PARIS — Satellite fleet operator SES of Luxembourg said it has used U.S. citizens to look deeply into the Falcon 9 rocket’s Sept. 29 upper-stage-restart malfunction without trespassing on U.S. technology-export restrictions.

The restrictions, commonly known as ITAR, or the International Traffic in Arms Regulations, limit non-U.S. access to information about rocket issues, even when the personnel in question are the customers paying for the rocket’s launch.

Space Exploration Technologies Corp. (SpaceX)’s Sept. 29 mission was supposed to include a demonstration of the ability of its Merlin 1D engine’s ability to restart a second time, a function that was not needed for the Sept. 29 launch but will be necessary for the launch of the SES-8 satellite.

The Merlin 1D did not complete a second burn because its igniter-fluid lines were frozen by proximity to liquid oxygen. The multiple engine restarts conducted during ground testing did not face this problem because the ambient air was warmer than the conditions found in orbit.

SpaceX has placed thermal insulation over the lines to prevent a recurrence.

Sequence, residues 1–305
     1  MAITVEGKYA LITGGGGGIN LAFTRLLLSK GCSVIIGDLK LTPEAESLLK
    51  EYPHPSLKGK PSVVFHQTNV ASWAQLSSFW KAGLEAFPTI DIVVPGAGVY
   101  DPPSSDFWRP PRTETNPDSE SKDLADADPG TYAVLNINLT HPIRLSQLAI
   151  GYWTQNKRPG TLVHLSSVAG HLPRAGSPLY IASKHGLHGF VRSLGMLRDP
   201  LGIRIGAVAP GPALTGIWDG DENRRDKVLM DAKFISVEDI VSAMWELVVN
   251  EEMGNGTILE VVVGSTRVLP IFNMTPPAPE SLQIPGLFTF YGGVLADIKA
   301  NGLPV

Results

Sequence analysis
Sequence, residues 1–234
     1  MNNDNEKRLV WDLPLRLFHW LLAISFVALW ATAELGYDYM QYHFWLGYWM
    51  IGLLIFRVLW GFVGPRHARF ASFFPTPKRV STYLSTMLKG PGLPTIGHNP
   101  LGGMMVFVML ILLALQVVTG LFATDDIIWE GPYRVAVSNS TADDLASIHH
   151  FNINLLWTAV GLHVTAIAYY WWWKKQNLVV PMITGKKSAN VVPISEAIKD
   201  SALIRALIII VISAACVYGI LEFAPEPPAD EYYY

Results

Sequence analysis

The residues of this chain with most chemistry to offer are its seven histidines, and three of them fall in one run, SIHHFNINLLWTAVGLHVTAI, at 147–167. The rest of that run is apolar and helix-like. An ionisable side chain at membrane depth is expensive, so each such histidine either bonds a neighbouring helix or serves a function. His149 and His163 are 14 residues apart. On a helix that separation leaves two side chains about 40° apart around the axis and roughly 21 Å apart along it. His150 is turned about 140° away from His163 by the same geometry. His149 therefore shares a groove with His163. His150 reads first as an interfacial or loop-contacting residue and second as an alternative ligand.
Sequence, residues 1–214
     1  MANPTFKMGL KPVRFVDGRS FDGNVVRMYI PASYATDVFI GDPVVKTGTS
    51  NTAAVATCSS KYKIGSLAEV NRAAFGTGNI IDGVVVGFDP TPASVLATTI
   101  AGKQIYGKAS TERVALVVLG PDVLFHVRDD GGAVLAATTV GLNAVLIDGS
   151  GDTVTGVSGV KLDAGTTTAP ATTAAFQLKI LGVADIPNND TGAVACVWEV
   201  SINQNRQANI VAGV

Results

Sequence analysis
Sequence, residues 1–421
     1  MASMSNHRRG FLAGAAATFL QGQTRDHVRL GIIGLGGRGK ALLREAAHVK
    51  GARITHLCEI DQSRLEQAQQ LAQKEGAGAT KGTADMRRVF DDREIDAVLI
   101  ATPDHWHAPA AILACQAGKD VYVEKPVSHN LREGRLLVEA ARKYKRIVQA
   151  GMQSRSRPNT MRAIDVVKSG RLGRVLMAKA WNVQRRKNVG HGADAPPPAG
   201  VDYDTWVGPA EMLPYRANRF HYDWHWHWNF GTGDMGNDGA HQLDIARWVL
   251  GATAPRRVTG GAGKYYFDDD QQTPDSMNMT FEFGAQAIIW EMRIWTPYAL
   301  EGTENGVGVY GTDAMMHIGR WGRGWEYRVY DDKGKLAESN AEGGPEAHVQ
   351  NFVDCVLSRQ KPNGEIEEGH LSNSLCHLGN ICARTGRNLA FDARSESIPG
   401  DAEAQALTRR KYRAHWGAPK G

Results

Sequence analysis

In a Nov. 24 press briefing, SES Chief Technical Officer Martin Halliwell said SES has been able to learn all it needed to know about the Falcon 9 in general, and specifically about the non-restart issue, by having U.S. passport holders “embedded” with SpaceX.

“We’ve had extraordinary access to the analysis work, the engineering work that’s been done on the upper stage … the mitigation and the mitigating factors,” Halliwell said. “We’ve had our crews actually crawling around the engine space. They’ve been embedded together with the SpaceX propulsion team, and … that’s enabled us to retire an awful lot of risk.

“For this particular mission we have U.S. citizens who were able to work absolutely hand in hand together with our colleagues at SpaceX. That information and the specifics of the rework [on the upper stage] have not been extended to non-U.S. citizens, of course. But they were able to indicate to us that basically we’re ready to go.”

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Peter B. de Selding was the Paris Bureau Chief for SpaceNews.